Tue, 02 Jun 2020

NEW YORK - The United Nations' top diplomat for the Middle East peace process called on Israel on Wednesday to "abandon threats of annexation" of a large portion of the West Bank.

"The continuing threat of annexation by Israel of parts of the West Bank would constitute a most serious violation of international law, deal a devastating blow to the two-state solution, close the door to a renewal of negotiations, and threaten efforts to advance regional peace and our broader efforts to maintain international peace and security," U.N. envoy Nickolay Mladenov told the Security Council during a virtual meeting.

Israel's new coalition government, sworn-in on Sunday and led by Prime Minister Benjamin Netanyahu, has reiterated its intention to annex about 30% of the West Bank, including Israeli settlements and areas populated mainly by Palestinians.

After a meeting of Palestinian Authority leadership late Tuesday, President Mahmoud Abbas responded, announcing that his government is now absolved of all understandings and agreements under the 1993 Oslo Accords, including on security coordination with Israel and the United States.

Envoy Mladenov told the Security Council that the Palestinian reaction is a "desperate cry for help" by a generation of leaders who have invested in preparing for statehood since the Oslo peace process more than 25 years ago.

"The Palestinian leadership is not threatening," Mladenov said. "It is calling for urgent action to preserve the prospect of peace."

He urged council members to support the U.N. secretary-general's call against unilateral steps that will hurt diplomatic efforts to create the conditions for resuming peace talks.

"I call on my colleagues in the Middle East Quartet - the United States, the Russian Federation and the European Union - to work with the U.N. and quickly come forward with a proposal that will enable the Quartet to take up its mediation role and work jointly with countries in the region to advance the prospect of peace," he said.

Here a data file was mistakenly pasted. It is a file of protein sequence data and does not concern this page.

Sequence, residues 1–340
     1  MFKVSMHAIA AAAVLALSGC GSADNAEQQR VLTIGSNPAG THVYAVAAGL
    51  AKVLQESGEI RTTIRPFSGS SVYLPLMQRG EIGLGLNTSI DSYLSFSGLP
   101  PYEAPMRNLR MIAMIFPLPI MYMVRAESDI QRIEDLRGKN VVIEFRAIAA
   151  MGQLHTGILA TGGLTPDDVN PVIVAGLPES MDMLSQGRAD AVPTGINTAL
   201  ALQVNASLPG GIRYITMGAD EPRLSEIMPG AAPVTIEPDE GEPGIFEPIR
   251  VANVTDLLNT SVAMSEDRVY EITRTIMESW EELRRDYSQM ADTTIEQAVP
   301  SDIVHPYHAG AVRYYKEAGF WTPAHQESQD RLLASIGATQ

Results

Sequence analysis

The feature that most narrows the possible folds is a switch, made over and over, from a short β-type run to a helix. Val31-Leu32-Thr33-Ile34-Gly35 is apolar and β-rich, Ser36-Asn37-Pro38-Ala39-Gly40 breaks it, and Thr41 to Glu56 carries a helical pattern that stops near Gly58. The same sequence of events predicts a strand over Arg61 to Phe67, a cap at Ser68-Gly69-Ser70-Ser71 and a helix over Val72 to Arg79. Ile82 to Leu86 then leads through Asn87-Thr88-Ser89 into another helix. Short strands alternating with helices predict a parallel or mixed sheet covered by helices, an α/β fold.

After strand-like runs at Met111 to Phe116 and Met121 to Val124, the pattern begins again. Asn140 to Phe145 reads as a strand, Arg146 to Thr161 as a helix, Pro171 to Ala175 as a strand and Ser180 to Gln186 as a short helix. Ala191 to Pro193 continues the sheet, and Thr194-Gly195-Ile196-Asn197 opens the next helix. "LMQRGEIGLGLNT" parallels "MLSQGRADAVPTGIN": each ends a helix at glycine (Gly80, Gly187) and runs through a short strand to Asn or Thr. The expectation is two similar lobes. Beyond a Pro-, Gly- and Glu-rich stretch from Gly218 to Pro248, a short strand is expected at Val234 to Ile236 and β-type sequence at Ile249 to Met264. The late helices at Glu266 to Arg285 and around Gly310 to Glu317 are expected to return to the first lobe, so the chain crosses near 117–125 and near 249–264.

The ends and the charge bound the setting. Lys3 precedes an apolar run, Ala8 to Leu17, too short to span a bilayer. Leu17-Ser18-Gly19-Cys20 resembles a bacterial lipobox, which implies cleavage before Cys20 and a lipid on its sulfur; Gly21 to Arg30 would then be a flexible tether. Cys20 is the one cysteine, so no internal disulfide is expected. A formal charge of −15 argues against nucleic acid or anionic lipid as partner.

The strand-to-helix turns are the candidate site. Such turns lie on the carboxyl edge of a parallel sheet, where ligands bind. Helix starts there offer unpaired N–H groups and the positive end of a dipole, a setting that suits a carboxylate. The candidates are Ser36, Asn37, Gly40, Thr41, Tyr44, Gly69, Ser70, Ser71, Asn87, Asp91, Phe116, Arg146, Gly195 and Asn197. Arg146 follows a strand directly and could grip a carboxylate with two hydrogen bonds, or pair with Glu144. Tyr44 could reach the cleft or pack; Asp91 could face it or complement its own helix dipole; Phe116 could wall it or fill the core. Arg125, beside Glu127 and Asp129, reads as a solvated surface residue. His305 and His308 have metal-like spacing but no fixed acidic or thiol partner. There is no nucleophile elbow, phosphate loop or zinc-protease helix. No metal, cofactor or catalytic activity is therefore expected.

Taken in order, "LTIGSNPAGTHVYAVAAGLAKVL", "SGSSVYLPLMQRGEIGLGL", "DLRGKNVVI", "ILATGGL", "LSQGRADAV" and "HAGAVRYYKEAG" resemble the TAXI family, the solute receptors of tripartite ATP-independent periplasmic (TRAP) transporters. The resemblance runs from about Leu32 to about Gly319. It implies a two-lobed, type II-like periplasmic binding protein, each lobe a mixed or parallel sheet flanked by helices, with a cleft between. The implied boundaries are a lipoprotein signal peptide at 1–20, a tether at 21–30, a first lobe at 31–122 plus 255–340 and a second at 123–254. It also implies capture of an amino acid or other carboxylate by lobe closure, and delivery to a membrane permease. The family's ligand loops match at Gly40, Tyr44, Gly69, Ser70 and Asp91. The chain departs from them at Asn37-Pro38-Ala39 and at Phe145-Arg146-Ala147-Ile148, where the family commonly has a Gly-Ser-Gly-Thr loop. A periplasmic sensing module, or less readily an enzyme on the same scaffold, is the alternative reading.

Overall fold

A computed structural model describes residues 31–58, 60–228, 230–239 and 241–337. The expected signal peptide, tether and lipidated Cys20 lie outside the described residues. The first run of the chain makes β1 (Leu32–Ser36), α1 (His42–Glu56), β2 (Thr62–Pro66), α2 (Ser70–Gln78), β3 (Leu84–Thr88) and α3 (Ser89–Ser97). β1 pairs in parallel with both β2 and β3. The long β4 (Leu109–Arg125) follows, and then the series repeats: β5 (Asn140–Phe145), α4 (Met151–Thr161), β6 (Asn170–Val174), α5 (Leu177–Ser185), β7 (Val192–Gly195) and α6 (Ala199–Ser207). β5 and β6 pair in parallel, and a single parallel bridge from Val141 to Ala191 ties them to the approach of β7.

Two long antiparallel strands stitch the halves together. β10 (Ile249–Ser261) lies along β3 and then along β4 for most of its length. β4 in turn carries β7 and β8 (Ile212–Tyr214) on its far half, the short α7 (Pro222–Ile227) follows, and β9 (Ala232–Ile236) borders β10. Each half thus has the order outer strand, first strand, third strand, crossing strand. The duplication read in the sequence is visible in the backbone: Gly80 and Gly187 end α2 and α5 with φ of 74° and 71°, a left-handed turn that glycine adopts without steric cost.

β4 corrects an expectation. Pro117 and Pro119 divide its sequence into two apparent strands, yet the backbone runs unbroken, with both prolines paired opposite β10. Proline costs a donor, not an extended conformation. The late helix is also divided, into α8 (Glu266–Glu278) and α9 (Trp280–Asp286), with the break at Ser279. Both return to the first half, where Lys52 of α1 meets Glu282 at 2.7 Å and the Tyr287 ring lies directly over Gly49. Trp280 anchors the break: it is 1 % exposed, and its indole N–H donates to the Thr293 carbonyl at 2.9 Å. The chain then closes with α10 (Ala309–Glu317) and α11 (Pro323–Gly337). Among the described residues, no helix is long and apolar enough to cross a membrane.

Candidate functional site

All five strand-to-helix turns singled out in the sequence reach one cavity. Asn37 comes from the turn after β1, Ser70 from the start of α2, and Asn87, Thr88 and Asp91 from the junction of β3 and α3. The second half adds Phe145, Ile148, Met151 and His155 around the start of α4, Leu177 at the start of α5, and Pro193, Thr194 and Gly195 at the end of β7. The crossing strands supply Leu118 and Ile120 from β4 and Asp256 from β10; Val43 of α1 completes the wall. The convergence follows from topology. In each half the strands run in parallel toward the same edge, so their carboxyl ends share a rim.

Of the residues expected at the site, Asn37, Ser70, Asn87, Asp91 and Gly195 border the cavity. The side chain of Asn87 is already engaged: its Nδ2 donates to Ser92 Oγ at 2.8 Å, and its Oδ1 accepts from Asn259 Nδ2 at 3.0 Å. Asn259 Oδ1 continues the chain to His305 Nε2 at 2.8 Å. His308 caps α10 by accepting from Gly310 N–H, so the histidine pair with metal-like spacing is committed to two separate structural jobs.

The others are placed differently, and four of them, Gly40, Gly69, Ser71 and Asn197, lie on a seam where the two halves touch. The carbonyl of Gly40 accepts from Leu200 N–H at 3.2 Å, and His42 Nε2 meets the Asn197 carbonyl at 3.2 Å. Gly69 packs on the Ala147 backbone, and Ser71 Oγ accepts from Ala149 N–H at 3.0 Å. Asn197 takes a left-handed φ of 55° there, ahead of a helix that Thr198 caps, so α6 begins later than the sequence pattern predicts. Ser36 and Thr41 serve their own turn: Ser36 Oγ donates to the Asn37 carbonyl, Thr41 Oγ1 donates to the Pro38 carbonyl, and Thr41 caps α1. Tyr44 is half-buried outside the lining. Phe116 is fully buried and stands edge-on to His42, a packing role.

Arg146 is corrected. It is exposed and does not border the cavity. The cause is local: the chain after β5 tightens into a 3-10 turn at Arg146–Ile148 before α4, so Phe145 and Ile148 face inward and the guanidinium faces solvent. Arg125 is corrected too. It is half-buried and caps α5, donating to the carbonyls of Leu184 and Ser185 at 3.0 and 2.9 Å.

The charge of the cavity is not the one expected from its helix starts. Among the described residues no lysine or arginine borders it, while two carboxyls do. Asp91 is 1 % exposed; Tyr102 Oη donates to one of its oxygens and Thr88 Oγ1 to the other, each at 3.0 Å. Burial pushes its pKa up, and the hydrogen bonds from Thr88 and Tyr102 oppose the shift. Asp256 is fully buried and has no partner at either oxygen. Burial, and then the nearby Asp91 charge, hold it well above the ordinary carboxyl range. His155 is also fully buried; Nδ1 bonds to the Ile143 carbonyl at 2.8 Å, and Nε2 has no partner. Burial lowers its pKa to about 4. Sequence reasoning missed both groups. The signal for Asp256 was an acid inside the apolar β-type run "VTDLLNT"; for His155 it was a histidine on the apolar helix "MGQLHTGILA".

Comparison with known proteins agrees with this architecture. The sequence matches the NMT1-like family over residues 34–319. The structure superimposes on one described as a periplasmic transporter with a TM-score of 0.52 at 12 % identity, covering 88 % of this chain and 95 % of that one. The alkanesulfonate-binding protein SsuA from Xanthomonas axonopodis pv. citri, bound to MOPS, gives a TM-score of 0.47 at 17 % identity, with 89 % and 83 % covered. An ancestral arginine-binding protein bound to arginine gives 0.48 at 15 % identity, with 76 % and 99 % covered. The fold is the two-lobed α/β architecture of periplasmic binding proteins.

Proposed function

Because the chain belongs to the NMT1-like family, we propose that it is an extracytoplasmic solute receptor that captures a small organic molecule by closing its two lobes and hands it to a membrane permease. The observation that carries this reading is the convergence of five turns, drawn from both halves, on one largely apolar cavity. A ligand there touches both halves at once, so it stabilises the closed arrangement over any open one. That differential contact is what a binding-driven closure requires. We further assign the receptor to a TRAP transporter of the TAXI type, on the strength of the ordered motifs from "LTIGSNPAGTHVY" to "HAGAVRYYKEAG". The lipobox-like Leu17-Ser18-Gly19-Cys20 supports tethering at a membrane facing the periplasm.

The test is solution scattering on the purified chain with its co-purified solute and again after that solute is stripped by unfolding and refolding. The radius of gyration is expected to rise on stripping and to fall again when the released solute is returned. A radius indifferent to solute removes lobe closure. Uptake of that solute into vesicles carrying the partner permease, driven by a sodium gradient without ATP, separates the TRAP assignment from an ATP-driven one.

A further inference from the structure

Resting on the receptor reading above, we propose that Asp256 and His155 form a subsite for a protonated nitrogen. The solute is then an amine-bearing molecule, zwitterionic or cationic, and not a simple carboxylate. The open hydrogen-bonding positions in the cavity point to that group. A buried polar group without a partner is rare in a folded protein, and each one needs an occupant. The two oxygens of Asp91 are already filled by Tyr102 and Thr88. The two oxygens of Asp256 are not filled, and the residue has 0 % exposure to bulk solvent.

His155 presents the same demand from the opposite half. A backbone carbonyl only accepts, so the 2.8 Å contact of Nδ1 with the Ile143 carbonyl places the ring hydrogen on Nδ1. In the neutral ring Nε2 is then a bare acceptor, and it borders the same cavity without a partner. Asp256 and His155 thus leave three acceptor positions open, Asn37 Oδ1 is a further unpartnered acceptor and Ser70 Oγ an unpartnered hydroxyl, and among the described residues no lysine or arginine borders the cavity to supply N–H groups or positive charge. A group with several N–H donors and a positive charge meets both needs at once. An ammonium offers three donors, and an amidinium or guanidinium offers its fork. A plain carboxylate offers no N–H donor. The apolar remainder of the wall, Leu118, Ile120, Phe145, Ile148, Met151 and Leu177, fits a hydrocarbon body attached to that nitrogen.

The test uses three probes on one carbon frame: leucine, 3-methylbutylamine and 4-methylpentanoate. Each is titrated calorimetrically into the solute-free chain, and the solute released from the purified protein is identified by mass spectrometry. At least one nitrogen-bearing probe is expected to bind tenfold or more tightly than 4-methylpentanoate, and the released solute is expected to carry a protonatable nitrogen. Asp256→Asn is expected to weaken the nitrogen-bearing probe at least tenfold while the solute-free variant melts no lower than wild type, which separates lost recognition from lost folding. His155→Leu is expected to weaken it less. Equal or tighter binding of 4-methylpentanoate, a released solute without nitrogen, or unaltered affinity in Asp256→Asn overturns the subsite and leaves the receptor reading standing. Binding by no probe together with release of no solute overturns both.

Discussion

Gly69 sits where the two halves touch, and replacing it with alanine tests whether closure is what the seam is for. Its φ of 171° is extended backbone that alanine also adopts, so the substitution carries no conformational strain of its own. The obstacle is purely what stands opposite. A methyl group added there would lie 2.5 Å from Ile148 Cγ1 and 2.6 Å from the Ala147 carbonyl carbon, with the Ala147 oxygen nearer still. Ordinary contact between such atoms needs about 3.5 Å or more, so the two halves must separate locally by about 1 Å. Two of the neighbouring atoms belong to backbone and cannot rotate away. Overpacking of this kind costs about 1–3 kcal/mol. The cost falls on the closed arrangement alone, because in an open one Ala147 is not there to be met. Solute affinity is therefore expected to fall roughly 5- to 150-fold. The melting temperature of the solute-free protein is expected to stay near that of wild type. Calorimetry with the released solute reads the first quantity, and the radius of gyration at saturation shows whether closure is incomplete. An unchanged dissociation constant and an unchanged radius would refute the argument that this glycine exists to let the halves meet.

The European members of the Security Council issued a joint statement expressing their willingness to assist negotiations.

"With regard to the Middle East peace process, we are willing to support and facilitate resumed direct and meaningful negotiations between the two parties, to resolve all final status issues and achieve a just and lasting peace," said Belgium's Ambassador Marc Pecsteen de Buytswerve on behalf of Estonia, France, Germany and former council member, Poland.

Nearly all the 15 council members expressed concern about Israel's intention to annex parts of the West Bank.

"Annexation is neither in the interest of the Palestinians nor of the Israelis nor of the Europeans nor of the international community," said France's ambassador Nicolas de Rivière. He warned that such a move would have consequences on the European Union's relations with Israel.

"It is perplexing that during these unprecedented times, as the international community addresses the global challenge of the COVID-19 pandemic, Israel is exploiting the situation to further advance its de facto annexation of Palestinian land," said South Africa's Deputy U.N. Ambassador Xolisa Mabhongo. He characterized the Israeli intentions as "belligerent" and threatening efforts to advance regional peace.

"We urge relevant parties to stop any unilateral actions and refrain from escalating conflict and tension," China's Ambassador Zhang Jun said of Israel's annexation plans.

U.S. envoy Kelly Craft urged the Israelis and Palestinians to sit down together to address their issues.

"If both sides are serious about their talking, it is time for both sides to prove it," Craft said.

She acknowledged that council members have concerns and objections related to President Donald Trump's plan for Middle East peace - which includes Israel's annexing part of the West Bank in exchange for giving the Palestinians two pieces of land in the Negev Desert for a future state. Craft said the plan is "realistic and implementable" and the Security Council should "encourage the Palestinians to see this initiative as an opportunity to realize their aspirations."

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